When Hong Kong’s Munir Dar came to bat on Thursday night, the score read 50/5. After getting dismissed for 108, Bangladesh had clawed their way back in the game. The locals jostling for space in the packed stands had once again found their voice. Dar, a true blue amateur like most of his team mates, wasn’t used to playing with a deafening noise in the background or against quality bowling. The Hong Kong League, where Dar is a star, has half-serious part-time cricketers with mediocre skills.
But Dar stepped it up. He rose to the occasion and helped Hong Kong to its most famous win. His 27-ball 36, which included three fours and a six, handed the Associate side to its first win over a Test nation (in the warm-ups, they had beaten Zimbabwe). This historic triumph was made possible by a side that has a distinct Pakistan flavour to it. Das is among the 11 players, in the 15-member Hong Kong squad, who were born in Pakistan.
Dar, 39, was born Gujranwala but now works for a diamond company in Hong Kong. The man of the moment hasn’t had the time to celebrate his success since the team took the flight from Chittagong to Dhaka, hours after the game. And after a short stay in the Bangladesh’s capital, the team was to fly out to Hong Kong. “I am playing a match for my club on Sunday and the next day, on Monday, I will be back to work. All the cricket in Hong Kong is played on weekends, so for us to beat a Test side in the World T20 is a huge achievement,” Dar said.
Dar, actually, had a lot of stake going into the last league game. Time was running out for the aging cricketer. The all-rounder was playing this tournament purely as a batsman as his left-arm spin had been deemed illegal during the ICC World T20 Qualifier.
Talking about the odds against him he says, “There was dew on the field, the ball was skidding through. We have not played spinners of the quality of Shakib Al-Hasan or Abdur Razzak. But we knew we could pull off an upset. We had beaten Zimbabwe and Netherlands in the warm-up game.”
Pacer Tanwir Afzal, who dismissed Tamim Iqbal and Sabbir Rahman in his first over, like Dar, has roots in Pakistan. He played for the same Rawalpindi club that had in its ranks a certain Mohammad Amir, the prodigal fast bowler who is presently undergoing a ban for his involvement in a spot-fixing scandal. Afzal was part of the Pakistan’s Asia Cup U-19 squad that played an Indian team that had Virat Kohli and Ravindra Jadeja. Afzal has also shared the dressing room with Umar Akmal, Ahmed Shahzad, Junaid Khan and Sohail Tanvir.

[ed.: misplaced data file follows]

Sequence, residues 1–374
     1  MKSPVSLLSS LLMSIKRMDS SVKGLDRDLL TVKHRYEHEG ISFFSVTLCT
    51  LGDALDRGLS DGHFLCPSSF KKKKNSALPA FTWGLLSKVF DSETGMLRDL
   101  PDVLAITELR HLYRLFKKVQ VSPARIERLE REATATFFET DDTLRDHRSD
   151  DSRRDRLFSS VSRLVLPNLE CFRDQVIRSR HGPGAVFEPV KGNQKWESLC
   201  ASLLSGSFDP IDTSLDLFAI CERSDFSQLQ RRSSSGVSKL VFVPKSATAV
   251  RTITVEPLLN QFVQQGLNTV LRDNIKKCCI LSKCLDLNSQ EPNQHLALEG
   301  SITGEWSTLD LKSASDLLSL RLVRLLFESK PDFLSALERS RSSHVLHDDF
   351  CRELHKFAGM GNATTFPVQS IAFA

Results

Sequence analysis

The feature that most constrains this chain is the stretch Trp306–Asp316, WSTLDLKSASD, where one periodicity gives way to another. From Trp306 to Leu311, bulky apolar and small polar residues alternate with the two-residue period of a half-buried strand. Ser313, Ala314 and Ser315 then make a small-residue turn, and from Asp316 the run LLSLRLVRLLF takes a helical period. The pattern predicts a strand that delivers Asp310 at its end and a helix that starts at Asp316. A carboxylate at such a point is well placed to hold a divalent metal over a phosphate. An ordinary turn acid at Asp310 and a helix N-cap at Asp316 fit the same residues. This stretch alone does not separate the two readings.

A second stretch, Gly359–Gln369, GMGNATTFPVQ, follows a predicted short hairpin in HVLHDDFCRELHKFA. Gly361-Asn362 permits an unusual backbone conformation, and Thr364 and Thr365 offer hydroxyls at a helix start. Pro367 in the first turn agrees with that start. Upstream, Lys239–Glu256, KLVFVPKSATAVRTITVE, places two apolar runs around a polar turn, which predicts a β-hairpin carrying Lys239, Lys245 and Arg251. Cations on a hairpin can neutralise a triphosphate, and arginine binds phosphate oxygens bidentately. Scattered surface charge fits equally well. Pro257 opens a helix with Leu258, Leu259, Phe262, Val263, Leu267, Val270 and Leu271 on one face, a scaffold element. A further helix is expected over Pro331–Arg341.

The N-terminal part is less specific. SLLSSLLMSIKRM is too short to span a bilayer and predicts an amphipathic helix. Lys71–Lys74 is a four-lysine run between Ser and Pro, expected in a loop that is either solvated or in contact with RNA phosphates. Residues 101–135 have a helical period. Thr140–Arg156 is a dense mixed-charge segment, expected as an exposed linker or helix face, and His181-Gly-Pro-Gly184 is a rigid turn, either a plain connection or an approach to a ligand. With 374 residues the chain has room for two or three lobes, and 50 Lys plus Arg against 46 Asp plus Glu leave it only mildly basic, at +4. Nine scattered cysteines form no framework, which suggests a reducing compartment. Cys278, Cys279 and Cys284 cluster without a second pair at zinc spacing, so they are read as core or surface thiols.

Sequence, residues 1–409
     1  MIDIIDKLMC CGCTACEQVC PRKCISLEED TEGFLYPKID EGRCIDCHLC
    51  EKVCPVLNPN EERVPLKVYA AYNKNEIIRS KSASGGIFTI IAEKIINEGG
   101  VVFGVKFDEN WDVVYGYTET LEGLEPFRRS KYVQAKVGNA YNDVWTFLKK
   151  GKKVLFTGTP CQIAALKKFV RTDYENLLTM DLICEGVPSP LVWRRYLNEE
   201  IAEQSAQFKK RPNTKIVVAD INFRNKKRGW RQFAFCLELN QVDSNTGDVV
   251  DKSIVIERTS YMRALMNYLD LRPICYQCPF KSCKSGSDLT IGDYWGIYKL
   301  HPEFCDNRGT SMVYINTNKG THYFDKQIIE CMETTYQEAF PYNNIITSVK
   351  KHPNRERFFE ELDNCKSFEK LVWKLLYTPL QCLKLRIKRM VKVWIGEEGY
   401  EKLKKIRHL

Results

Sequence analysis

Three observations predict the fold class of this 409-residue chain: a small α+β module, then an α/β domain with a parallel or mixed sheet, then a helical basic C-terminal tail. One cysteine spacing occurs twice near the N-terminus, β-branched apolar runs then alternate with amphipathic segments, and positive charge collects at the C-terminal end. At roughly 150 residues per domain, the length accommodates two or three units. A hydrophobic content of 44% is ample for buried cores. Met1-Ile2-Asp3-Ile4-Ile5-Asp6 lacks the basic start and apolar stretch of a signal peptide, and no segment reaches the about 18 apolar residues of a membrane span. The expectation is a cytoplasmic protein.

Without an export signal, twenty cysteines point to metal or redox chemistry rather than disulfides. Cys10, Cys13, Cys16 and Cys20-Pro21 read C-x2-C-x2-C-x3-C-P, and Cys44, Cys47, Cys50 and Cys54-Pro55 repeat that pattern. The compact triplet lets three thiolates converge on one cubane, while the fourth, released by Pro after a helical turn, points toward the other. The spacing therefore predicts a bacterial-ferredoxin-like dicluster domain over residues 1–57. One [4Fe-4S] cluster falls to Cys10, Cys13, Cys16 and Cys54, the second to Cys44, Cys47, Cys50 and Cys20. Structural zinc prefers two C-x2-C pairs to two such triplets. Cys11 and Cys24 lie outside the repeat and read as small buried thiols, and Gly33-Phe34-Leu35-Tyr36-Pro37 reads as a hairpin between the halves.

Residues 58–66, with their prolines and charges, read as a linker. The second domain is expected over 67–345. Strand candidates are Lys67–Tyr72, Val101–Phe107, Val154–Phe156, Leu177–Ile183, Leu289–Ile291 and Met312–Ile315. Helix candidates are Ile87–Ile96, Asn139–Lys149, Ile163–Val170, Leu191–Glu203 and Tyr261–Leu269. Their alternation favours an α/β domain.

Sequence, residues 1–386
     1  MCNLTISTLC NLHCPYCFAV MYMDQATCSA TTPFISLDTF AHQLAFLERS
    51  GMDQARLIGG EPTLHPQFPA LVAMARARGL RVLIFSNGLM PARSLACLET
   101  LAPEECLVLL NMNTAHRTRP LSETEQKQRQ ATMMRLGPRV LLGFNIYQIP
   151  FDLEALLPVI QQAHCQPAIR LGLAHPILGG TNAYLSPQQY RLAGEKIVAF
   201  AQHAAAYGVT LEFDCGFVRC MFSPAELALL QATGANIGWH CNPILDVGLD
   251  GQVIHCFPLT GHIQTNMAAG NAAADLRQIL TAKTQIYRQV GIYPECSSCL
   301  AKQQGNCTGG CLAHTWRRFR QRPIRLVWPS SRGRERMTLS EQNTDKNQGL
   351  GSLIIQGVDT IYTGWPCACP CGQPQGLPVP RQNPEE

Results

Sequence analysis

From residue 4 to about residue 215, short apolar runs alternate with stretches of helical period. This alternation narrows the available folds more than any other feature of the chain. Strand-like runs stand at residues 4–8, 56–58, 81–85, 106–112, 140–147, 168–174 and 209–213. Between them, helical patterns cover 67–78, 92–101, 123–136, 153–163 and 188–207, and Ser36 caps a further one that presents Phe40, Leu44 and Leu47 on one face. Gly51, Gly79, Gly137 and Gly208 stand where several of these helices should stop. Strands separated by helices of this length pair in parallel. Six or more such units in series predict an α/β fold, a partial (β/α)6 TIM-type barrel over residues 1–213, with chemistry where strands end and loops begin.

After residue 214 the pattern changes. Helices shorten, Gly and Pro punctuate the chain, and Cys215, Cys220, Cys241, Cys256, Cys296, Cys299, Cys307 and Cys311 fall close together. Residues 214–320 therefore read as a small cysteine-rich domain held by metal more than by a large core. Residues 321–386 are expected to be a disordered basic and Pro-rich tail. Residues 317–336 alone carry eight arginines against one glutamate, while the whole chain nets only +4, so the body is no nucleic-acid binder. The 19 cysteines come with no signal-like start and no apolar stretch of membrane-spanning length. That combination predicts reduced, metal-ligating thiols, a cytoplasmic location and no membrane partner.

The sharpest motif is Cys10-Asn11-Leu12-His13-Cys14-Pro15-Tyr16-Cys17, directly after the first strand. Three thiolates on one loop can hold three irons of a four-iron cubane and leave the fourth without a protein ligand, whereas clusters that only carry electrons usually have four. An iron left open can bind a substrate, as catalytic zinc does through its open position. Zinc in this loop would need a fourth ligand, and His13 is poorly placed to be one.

Like several other top Pakistan pacers, Afzal got initiated by playing tape-ball cricket and later switched to the leather ball. He says he was all set to make it to the senior side but lost out to boys with ‘connections’. “When I used to play for the Pakistan Under-19 squad I would bowl at an average speed of 135 kmph. Amir and I started our careers almost at the same time. Unfortunately, I couldn’t make it further. A friend of mine advised me to play cricket in Malaysia. After I played against Hong Kong, they invited me to play for them. Thursday’s win tells me that my journey from Pakistan to Malaysia to Hong Kong was worth the trouble,” Afzal said.
While Dar and Afzal moved from Pakistan to pursue their dreams, the Ahmed brothers — opening batsmen Irfan and left-arm spinner Nadeem — are second generation citizens.
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